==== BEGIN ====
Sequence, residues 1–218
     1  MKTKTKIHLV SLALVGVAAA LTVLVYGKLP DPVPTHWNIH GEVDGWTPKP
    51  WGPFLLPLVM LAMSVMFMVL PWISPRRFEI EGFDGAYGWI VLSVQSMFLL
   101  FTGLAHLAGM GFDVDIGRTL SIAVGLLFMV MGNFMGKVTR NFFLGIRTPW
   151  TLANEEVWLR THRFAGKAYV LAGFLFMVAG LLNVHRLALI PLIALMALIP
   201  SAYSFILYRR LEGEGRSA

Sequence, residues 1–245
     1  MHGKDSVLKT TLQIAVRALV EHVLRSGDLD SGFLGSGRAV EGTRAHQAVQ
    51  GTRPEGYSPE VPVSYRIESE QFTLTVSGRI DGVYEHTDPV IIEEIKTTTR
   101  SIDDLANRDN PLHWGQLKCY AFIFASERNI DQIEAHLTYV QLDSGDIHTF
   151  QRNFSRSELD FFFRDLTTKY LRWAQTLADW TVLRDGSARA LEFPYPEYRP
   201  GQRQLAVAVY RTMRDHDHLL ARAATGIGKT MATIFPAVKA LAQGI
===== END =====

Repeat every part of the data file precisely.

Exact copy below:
Sequence, residues 1–218
     1  MKTKTKIHLV SLALVGVAAA LTVLVYGKLP DPVPTHWNIH GEVDGWTPKP
    51  WGPFLLPLVM LAMSVMFMVL PWISPRRFEI EGFDGAYGWI VLSVQSMFLL
   101  FTGLAHLAGM GFDVDIGRTL SIAVGLLFMV MGNFMGKVTR NFFLGIRTPW
   151  TLANEEVWLR THRFAGKAYV LAGFLFMVAG LLNVHRLALI PLIALMALIP
   201  SAYSFILYRR LEGEGRSA

Sequence, residues 1–245
     1  MHGKDSVLKT TLQIAVRALV EHVLRSGDLD SGFLGSGRAV EGTRAHQAVQ
    51  GTRPEGYSPE VPVSYRIESE QFTLTVSGRI DGVYEHTDPV IIEEIKTTTR
   101  SIDDLANRDN PLHWGQLKCY AFIFASERNI DQIEAHLTYV QLDSGDIHTF
   151  QRNFSRSELD FFFRDLTTKY LRWAQTLADW TVLRDGSARA LEFPYPEYRP
   201  GQRQLAVAVY RTMRDHDHLL ARAATGIGKT MATIFPAVKA LAQGI